In a groundbreaking legal victory, the United States District Court for the Northern District of California has denied the dismissal of a lawsuit against the FDA regarding a controversial drug being administered to cattle in feedlots. “The coalition—Animal Legal Defense Fund, Food & Water Watch, and Food Animal Concerns Trust—asserts the FDA had insufficient information to determine the drug is safe for animals, consumers, and the environment,” reads the press release published by Animal Legal Defense Fund on February 23. This means that the lawsuit, originally filed in June 2020, will be able to proceed. The drug in question, Experior, reduces ammonia emissions by cattle in feedlots; but animal advocates claim it has drastic adverse effects and is a band-aid solution on the issue that is industrialized meat production. It was approved by the FDA for use in cattle in 2018.
Ammonia emissions are a serious issue on industrial farms, causing respiratory distress to farmworkers as well as neighboring communities. In fact, a 2015 peer-reviewed study published in the Journal of Epidemiology concluded that pediatric asthma is “strongly predicted by proximity to animal feeding operations,” and that children born in low-income communities surrounding factory farms are far more likely to experience lifelong asthma and a number of other respiratory problems.
While this drug could curb ammonia emissions, it does not account for the countless other pollutants originating from industrial animal feeding operations, nor does it resolve the animal welfare issues that come with keeping animals in such concentrated numbers.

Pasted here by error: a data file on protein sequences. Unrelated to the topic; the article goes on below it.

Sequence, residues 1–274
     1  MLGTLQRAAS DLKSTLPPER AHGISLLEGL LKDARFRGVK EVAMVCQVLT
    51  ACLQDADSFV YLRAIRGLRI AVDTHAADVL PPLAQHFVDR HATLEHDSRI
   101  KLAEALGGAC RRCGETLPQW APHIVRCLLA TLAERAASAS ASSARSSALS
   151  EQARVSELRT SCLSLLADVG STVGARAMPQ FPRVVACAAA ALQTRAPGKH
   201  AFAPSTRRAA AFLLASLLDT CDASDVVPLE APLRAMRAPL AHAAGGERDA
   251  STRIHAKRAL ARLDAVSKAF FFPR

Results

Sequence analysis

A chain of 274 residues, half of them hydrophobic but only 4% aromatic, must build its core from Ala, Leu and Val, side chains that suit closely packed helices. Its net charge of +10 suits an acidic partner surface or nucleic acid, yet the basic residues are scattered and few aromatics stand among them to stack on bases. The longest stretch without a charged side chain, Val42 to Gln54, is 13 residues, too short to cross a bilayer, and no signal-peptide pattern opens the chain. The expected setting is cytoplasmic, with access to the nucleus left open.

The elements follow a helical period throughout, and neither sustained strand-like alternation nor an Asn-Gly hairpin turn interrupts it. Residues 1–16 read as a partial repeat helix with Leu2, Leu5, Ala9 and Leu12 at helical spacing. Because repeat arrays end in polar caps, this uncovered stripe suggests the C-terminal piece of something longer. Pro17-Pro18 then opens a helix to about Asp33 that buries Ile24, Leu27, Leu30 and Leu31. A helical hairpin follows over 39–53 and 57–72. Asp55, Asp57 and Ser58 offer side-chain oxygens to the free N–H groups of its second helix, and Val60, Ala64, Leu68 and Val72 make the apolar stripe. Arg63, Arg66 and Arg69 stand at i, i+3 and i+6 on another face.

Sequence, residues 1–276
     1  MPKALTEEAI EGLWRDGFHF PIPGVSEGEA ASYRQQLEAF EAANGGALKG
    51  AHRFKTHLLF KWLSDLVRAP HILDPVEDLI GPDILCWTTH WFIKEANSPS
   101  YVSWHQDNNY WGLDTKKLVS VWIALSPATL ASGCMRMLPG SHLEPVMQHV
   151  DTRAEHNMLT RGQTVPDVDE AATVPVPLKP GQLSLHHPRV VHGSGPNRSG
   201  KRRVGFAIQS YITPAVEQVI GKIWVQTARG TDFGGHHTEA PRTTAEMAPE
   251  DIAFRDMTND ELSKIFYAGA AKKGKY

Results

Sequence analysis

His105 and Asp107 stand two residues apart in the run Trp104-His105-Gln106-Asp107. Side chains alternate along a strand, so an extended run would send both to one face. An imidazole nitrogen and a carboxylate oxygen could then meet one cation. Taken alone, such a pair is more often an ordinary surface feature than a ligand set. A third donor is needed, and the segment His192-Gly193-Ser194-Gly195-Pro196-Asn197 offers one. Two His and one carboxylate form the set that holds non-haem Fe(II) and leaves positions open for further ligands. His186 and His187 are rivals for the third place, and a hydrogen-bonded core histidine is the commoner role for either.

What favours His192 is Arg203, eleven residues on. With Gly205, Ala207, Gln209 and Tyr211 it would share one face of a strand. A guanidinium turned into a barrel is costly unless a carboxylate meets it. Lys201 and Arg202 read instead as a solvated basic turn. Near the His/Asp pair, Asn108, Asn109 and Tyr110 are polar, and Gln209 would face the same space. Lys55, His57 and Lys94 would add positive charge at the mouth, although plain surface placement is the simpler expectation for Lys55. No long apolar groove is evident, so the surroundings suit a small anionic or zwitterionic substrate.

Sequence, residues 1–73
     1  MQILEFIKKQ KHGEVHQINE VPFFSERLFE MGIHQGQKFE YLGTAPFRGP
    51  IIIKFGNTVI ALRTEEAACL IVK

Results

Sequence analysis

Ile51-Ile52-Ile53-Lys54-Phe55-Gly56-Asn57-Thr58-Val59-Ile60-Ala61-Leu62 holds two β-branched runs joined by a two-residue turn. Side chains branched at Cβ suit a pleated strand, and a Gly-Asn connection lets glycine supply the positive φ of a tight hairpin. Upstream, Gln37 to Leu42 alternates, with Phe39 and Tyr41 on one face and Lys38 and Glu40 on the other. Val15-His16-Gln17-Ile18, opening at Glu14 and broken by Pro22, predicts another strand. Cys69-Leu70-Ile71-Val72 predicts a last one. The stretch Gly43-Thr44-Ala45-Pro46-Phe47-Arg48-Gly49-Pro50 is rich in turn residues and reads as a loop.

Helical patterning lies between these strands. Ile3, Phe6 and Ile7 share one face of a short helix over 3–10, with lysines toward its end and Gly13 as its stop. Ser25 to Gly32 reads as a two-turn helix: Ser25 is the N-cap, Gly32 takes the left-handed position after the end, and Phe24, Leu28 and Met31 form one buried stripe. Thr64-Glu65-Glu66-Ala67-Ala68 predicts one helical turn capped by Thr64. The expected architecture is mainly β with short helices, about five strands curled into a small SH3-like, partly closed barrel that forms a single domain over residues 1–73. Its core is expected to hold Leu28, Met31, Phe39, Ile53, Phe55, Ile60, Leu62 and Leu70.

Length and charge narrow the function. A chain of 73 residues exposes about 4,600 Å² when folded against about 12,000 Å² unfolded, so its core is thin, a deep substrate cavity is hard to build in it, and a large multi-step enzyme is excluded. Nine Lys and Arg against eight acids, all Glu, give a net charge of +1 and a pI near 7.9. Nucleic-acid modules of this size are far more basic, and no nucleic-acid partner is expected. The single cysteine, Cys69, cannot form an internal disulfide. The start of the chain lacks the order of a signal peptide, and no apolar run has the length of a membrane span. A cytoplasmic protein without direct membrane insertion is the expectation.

“Beta-agonist drug residues that end up in meat products have been linked to heart and respiratory issues in consumers, and direct contact with these drugs has caused adverse effects in producers and farm workers,” ALDF’s press release continues. “This class of drugs is also cruel and harmful to animals, causing them to suffer psychological stress and physically deteriorate, increasing the likelihood of them suffering, dying, and being mistreated during handling and in transit to slaughter. Experior has also been shown to raise body temperature in cows, compounding the risk of heat stroke for those who are being raised in unnatural conditions, especially in desert or drought-prone areas.”
The allegations brought forward in the press release continue.
“Animal drugs like Experior are a false solution that do nothing to curb the massive amount of pollution that factory farms create in rural communities, and we’re glad that we will be able to make our case that the FDA failed to adequately consider the harmful impacts of this drug,” states Food & Water Watch Legal Director Tarah Heinzen.
The FDA’s grounds for dismissing the case argued that the plaintiffs themselves were not harmed and that injury to animals as a result of the drug would be the fault of feedlots administering it to animals rather than the FDA for approving its use.
While a court date has not yet been announced, this ruling sets the hopeful precedent that the industrial agriculture lobby cannot and will not dismiss allegations from animal advocates and behave as though they are above the law. Though the battle ahead will be a difficult one, Animal Legal Defense Fund and its co-plaintiffs are prepared to fight. If the case rules in the favor of animal advocates, it will mean immense progress for the future of farmed animal welfare in the United States.
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